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9991 Views 2 Replies Latest reply: Jan 23, 2013 2:52 PM by deanlevitt
davecla Rookie 1 posts since
Jan 13, 2013
Currently Being Moderated

Jan 13, 2013 8:27 PM

Advice needed for new runner - how to increase distance?

I'm a relatively new runner – I’ve been going a few months now.


It’s summer time here in NZ and I’ve been getting out pretty much every day, I’ve been alternating one day longer (about8 – 10 kms – I guess 5 or 6 miles) and the next shorter 5 kms – about 3 miles but on hills / trails.


I’d like to be able to run further – but less often, my goal would be to be able to run say 20kms (12miles) comfortably maybe once a week and then perhaps a little trail work in between.


What’s the best way to approach this – I’m thinking of just adding a kilometre to my run each week, but perhaps there is a better way – keen to hear from you experts!




  • lenzlaw Community Moderator 10,539 posts since
    Jan 18, 2008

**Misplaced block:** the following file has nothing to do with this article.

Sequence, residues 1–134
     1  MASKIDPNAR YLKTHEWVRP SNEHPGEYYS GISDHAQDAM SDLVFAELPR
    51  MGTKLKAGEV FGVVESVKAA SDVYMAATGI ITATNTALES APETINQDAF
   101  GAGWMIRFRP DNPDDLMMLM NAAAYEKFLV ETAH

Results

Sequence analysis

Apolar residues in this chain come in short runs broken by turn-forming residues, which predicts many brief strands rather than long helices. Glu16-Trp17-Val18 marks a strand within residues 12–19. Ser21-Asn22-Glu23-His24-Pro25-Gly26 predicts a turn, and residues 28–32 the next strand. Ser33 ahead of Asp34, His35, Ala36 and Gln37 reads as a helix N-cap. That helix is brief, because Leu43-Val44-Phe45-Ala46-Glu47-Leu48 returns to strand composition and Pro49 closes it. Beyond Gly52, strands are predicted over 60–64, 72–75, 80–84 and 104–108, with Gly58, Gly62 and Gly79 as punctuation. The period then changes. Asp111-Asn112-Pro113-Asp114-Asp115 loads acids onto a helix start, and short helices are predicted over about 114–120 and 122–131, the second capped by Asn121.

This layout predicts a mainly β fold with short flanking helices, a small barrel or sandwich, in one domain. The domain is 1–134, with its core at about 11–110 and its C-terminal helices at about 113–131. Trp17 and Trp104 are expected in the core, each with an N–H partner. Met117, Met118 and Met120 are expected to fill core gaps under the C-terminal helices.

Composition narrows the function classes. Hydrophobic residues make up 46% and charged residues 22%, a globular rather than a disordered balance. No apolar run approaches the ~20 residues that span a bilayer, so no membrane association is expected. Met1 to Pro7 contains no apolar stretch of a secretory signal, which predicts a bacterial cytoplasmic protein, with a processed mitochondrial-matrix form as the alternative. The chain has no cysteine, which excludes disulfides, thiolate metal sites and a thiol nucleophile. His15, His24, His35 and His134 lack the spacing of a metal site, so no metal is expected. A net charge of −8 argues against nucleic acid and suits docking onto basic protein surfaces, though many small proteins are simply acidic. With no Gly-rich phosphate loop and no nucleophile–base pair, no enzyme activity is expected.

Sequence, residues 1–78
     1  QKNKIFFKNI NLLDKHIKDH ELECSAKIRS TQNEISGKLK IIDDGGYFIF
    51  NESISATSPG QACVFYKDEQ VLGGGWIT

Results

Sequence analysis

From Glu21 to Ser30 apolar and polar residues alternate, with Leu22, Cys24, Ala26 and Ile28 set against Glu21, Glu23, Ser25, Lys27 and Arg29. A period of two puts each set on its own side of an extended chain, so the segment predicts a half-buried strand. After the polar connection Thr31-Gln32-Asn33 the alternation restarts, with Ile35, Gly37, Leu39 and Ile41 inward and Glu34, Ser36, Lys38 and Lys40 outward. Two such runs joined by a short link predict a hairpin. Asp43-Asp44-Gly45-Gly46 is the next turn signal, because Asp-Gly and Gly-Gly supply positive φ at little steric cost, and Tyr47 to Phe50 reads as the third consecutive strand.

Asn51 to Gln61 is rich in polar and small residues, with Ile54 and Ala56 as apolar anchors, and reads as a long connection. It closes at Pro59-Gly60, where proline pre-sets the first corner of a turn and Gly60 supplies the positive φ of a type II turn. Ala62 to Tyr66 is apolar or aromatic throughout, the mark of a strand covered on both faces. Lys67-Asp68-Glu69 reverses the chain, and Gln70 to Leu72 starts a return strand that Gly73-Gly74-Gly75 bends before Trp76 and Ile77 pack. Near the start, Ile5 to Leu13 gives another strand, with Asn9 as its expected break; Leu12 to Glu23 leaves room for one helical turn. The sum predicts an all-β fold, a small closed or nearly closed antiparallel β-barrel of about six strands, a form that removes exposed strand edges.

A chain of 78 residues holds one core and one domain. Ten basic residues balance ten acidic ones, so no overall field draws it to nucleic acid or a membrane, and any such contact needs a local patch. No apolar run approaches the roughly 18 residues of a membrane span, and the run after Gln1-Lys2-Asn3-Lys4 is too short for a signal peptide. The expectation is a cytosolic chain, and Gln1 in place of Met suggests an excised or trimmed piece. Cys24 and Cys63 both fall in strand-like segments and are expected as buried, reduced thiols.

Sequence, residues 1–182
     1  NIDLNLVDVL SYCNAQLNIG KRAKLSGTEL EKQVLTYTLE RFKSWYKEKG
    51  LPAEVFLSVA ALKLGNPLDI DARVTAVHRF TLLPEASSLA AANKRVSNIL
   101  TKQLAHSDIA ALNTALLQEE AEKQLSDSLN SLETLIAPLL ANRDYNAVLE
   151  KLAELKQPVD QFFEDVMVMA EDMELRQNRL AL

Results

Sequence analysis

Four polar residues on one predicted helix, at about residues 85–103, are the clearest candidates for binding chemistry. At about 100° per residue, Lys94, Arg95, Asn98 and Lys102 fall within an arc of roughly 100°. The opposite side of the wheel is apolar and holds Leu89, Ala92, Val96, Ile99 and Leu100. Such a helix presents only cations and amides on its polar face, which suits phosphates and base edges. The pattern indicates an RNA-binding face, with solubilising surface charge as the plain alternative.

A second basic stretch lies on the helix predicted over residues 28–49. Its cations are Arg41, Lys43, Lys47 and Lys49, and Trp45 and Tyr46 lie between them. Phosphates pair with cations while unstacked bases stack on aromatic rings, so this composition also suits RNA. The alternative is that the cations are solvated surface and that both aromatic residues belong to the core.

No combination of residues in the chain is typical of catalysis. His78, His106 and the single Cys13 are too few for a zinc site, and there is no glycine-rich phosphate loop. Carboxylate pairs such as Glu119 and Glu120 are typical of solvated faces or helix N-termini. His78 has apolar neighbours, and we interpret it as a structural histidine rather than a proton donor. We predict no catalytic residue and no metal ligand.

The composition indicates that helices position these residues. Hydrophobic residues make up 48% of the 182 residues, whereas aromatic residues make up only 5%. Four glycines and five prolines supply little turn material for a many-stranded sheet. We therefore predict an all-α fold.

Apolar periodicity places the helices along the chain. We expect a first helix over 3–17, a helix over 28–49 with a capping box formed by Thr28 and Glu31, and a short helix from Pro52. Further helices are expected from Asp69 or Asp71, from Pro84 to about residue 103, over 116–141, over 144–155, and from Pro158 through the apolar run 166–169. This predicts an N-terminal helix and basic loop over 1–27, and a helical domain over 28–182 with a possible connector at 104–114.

That's the basic thing to do.  Pick one run per week and add to it.  Your increased distance for the week should preferably not exceed 10% of the previous week's total distance.  Every four weeks or so take a "back-off" week with decreased distance.  Try to run at a different pace (slightly faster) for one or two of your shorter runs.  Take a day off each week.  A lot of good runners have come from New Zealand.  You might also look for a local group or club to run with and for further advice.




  • deanlevitt Rookie 1 posts since
    Jun 24, 2011

    Here's the regimin I used to go from 5km to marathon. It's not my own, it's how two training programs I did (one trail running, one marathon) went about it.


    First, find a comfy pace that suits you - not a fast pace but one in which you could comfortably talk. Then run 3 times a week:

    weekday 1. Easy run, for about 1 hour.

    weekday 2. Middle run, about an hour.

    Weekend run: Long! Start at an hour and a half and then each week increase the time by between 15 minutes.


    For hill runs, I always slow down and don't stress the distance that much. I found by training myself to run longer (time-wise), I ran further without the stress of counting miles.


    I run Mon, Wed and Sat.


    Like Len said, make sure to run "recovery" weeks and I absolutely agree with him about joining a group or training program. I wish I'd done that sooner.


    My own recommendation is to increase time til you hit about 15 miles then back off back to your preferred 12 mile and increase speed on your short run days to increase speed naturally in the long one.

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